Caiti Grove meets influential abstract sculptor Helaine Blumenfeld, but dares not ask what she should feel about her work…
‘If anyone should have caught the virus, it should have been me.’ Helaine Blumenfeld was at Canary Wharf for the first two weeks of March positioning works made over decades in the outdoor space – bronze, wood, wafer-thin marbles that seem to waft in the breeze like fabric. ‘I was in very close proximity to a big group of people for a fortnight – when the lockdown came. I thought, “I’m next”.’
Fortunately, she didn’t catch it and self-isolated at home near Cambridge. ‘In the past, if anyone said to me, “what do you need?” I would say “time”. For years I’ve been going back and forth to Italy. I’m terribly worried [about Covid-19] but I have a lot of energy and feel very positive. I quite like this long period of little social engagement.’ Staying in one place is not usually part of this artist’s modus operandi. She is adaptable, flexible and as she says, pro-active.
In her early twenties, her new husband’s work took them to Paris. She signed up for an art school where students paid by the week, the Académie de la Grande Chaumière. Every Friday her tutor would say, as he looked in despair at her abstracts, ‘Are you really coming back next week?’But it was there that Russian sculptor Ossip Zadkine spotted Blumenfeld’s work and demanded the artist visit his salon that Sunday. Only 20 years old with limited French, it was a hesitant Blumenfeld who knocked at his studio door. It opened to reveal a roomful of men – even his own wife, a famous painter in her own right, wasn’t invited. ‘What are you doing here?’ Zadkine snapped. ‘I could see no one had told him I was not a man,’ explains Blumenfeld. But after that she went every day to work alongside him in his studio. ‘I gradually understood that if I wanted to go ahead with this, I had to accept that it’s as vital as breathing.’
By 1985 Blumenfeld was sharing an exhibition with Henry Moore in New York. A journalist from the New York Times approached her, ‘What am I supposed to feel?’ he asked. ‘You’re not supposed to feel anything in particular – everyone reacts differently,’ she replied. ‘It gives to you as much as you’re willing to give yourself.’ ‘Well I don’t,’ he retorted, ‘I don’t feel it, whatever “it” is.’ Helaine called over the doorman to speak to the journalist. He didn’t speak much English but often came to the gallery to look at the works. ‘Could you tell him what you see when you look at my work?’ she asked him. ‘I see the tension between me and my wife after an argument, the fragile atmosphere after a disagreement has been resolved.’ ‘He was amazing,’ Helaine recalls. ‘You shouldn’t need a particular background or job to be able to interpret art. I’m conceptual as an artist, but I communicate in a way people can understand.’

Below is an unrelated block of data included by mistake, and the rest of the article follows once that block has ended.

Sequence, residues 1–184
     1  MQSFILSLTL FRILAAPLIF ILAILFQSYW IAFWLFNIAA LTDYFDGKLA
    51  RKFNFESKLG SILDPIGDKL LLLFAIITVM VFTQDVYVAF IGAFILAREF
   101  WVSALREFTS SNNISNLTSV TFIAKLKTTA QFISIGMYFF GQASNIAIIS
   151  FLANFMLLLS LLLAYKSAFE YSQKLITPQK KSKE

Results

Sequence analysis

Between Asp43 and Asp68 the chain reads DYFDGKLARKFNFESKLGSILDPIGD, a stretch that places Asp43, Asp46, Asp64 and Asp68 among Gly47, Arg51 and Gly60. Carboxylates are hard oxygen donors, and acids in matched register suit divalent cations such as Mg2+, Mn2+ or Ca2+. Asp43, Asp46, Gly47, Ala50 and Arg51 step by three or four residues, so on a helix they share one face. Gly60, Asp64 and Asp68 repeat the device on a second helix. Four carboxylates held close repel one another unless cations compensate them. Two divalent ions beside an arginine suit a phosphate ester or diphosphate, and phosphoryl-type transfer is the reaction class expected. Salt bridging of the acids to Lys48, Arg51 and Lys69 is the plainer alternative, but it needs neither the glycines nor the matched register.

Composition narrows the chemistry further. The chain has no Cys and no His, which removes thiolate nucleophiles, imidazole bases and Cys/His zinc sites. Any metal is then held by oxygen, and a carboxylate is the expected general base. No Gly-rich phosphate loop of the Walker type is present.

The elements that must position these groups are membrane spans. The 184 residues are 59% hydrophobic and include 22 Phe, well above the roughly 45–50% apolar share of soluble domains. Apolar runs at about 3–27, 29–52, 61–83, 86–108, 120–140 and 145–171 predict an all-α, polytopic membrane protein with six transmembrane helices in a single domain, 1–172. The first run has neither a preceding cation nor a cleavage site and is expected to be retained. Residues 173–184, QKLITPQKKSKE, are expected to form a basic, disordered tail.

When we first met in February, she told me she felt we were moving towards a precipice, almost irreversibly disconnected – with no empathy for one another, the world or ourselves. In early May, over the phone, she tells me about her new developing body of work. ‘They are different to my other sculptures so they will need a new name. They have a sense of danger but also connectedness.’ The synergy of this latest bout of her creativity awaits us – how will her future creations reflect this strange tangle of emotional upheaval, stillness, community and chaos?
Looking Up: Helaine Blumenfeld at Canary Wharf outdoor exhibition is open until 31 January 2021. hignellgallery.com